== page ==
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Petitioners not heard in Hawk Creek decision over 2 bridges

MONTEVIDEO -- Members of the ditch authority for Hawk Creek voted 3-1 Tuesday not to hear a petition asking them to reconsider their Nov. 14, 2007, decision to replace two bridges in Lone Tree Township with box culvert sets.

Residents of the township located upstream of Clara City packed the assembly room in hopes that the ditch authority would reopen the issue and hold a hearing.

The residents are asking that larger culverts be installed than those approved nearly 1½ years ago, but not yet purchased.

The residents had previously presented a petition with 76 signatures asking the ditch authority to reopen the matter. They also presented a private engineering analysis that recommends installing larger culverts.

But ditch authority member Jim Dahlvang, a Chippewa County Commissioner, said the analysis did not provide any new information. He also said that it would be just as easy to collect signatures for a petition from residents in Clara City and points downstream in opposition to larger culverts. Installing two culvert sets based on designs to discharge at greater standards than found elsewhere in the system would increase costs and possibly increase the flood risk for downstream landowners.

Attorney John Kolb of St. Cloud, representing the Lone Tree residents, said after the meeting that an analysis by an engineer for the residents found that the culvert sets approved by the ditch authority would not match the flow capacity of the ditch itself.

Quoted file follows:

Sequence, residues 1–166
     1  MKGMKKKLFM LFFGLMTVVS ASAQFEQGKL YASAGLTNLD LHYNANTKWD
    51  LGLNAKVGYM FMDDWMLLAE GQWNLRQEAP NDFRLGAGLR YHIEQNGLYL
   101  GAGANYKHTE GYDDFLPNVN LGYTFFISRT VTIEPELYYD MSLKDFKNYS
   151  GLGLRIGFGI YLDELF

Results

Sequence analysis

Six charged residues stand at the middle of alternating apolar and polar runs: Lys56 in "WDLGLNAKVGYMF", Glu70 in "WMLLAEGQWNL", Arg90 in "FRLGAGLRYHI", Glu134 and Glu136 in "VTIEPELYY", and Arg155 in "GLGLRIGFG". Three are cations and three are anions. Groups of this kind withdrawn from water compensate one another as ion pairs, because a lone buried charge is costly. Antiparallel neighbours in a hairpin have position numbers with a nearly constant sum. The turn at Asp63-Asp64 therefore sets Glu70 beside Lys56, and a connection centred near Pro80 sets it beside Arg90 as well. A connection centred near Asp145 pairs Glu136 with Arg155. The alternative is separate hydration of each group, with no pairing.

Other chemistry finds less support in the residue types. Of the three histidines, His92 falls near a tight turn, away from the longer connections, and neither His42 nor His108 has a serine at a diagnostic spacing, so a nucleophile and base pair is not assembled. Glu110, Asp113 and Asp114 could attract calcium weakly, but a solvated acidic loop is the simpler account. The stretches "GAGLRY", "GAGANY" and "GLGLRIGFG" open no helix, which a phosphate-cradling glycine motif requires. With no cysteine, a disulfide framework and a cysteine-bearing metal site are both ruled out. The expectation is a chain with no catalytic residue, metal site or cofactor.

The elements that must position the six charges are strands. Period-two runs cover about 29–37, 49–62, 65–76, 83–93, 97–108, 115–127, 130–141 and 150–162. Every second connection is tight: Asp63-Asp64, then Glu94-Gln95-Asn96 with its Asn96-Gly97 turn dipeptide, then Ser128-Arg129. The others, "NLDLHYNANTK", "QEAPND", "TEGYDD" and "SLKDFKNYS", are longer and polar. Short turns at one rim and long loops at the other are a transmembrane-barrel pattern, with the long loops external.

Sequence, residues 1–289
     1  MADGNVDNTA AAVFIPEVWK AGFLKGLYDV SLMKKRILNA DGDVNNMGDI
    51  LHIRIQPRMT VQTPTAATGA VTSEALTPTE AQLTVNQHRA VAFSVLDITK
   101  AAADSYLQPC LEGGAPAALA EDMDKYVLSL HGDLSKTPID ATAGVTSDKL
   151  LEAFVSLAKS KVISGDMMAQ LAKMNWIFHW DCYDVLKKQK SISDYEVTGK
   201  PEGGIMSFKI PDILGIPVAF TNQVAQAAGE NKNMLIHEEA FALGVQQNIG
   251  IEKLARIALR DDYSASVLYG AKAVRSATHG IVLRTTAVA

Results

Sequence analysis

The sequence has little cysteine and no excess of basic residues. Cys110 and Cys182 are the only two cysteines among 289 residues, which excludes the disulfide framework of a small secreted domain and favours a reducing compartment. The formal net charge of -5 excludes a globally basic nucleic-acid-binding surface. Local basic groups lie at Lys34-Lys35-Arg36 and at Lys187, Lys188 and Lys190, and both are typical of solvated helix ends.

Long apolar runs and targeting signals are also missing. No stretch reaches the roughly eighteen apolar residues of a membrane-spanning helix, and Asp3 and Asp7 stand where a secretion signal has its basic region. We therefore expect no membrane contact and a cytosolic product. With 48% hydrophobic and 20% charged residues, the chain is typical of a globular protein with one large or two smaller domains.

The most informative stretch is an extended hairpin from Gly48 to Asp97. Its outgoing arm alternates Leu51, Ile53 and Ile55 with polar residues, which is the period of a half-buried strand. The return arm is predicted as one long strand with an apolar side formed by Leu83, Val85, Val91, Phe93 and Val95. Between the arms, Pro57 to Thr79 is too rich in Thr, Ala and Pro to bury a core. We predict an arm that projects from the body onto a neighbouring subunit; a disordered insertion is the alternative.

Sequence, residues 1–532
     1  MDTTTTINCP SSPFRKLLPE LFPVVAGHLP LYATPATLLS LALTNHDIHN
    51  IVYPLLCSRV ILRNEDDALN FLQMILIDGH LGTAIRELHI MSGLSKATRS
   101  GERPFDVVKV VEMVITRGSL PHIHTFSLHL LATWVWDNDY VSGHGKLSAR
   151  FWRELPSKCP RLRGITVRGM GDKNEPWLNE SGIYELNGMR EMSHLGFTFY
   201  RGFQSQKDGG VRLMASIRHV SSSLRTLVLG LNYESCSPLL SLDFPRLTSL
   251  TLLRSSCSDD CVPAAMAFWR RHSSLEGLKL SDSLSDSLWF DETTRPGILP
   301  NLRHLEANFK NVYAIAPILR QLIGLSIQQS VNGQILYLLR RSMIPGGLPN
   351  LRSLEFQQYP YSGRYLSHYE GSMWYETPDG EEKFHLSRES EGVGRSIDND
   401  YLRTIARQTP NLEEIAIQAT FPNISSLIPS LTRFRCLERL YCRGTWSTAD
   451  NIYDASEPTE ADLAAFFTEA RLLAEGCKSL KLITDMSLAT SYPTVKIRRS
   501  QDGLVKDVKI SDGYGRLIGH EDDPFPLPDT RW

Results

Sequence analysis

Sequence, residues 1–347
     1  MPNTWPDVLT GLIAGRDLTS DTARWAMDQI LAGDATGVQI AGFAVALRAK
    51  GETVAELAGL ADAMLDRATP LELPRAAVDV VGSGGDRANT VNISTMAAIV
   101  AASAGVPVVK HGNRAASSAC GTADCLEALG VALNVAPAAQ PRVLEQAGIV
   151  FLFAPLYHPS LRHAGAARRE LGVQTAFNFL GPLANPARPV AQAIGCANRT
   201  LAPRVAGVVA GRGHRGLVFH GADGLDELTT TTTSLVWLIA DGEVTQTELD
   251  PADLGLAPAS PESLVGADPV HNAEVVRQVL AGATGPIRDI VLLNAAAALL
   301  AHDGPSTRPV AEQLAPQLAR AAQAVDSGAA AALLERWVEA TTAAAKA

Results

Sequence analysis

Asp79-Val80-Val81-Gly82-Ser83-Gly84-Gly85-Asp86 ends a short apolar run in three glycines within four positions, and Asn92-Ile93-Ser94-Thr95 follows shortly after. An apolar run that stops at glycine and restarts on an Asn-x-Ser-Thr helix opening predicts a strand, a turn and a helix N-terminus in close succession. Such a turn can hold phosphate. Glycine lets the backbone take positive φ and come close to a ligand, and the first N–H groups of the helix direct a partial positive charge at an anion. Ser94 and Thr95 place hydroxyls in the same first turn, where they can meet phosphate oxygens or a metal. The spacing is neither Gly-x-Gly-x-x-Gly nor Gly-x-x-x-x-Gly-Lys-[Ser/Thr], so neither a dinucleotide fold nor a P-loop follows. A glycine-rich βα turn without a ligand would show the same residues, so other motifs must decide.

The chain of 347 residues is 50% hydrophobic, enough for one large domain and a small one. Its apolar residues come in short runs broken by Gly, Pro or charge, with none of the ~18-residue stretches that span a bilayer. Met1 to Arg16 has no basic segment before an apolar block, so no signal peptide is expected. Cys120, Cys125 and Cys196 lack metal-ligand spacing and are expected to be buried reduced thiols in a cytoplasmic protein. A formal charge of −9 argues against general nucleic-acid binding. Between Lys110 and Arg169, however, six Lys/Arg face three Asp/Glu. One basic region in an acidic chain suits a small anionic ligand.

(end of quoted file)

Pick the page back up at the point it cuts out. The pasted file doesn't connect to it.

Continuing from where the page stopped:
Engineer Chad Grismer of Westwood Professional Services, Eden Prairie, recommended that each of the culvert sets approved by the ditch authority be increased by one size.

Grismer warned that the ditch authority's culvert configurations would obstruct the ditch and cause a one-half foot increase in water elevation upstream during high-flow periods.

Township residents are concerned about the possibility of flooding not only from spring melt and rain events, but also from ice jams. They believe that the continuous flow from the Willmar wastewater treatment plant causes ice to form in layers and increases the risks for ice jams.

The Westwood engineer's proposal for larger-sized culverts at the two sites would cost an estimated $458,291, or nearly $54,809 more than the estimated cost of $403,482 for the smaller-sized culverts proposed by the ditch authority's engineer, Peter Sarberg of Widseth, Smith, Nolting & Associates of Alexandria.

In a letter to the ditch authority, Sarberg said that his original recommendation is based on state design standards for handling flows expected in a 25-year rain event. He indicated that the recommendation by the township residents' engineer was designed for a 100-year rain event.

However, a recent letter from Sarberg to the ditch authority also noted that the approved culverts would reduce the hydraulic capacity of the ditch as compared to the present capacity with the bridges. "Reasonable, alternative configurations exist which would maintain exiting ditch hydrology,'' he stated.

This led ditch authority member Dean Shuck, a Kandiyohi County Commissioner, to charge that the engineer had made a "180-degree'' turn from 2007. He cast the lone vote against not hearing the petition.

Prior to the motion, Chippewa County attorney Dwayne Knutsen told the authority members that their decision in 2007 was essentially an order for repair to the system. As such, he does not believe it can be appealed.

However, Kolb said after the meeting that township residents are considering the possibility of bringing the matter to court.

The two bridges are slated for replacement in 2010, but there is the possibility that federal stimulus funding could move up the replacement schedule.